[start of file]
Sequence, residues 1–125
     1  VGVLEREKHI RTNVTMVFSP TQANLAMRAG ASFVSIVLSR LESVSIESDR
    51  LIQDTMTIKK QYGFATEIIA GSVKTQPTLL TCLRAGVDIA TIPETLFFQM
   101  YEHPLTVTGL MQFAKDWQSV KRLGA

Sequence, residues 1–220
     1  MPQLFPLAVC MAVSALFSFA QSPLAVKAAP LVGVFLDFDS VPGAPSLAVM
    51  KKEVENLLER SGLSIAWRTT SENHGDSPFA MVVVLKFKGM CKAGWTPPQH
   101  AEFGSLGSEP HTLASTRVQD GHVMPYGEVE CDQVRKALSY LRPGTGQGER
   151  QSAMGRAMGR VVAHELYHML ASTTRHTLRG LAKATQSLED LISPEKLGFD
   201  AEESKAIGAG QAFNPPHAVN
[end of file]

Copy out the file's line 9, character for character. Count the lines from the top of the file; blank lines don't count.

   151  QSAMGRAMGR VVAHELYHML ASTTRHTLRG LAKATQSLED LISPEKLGFD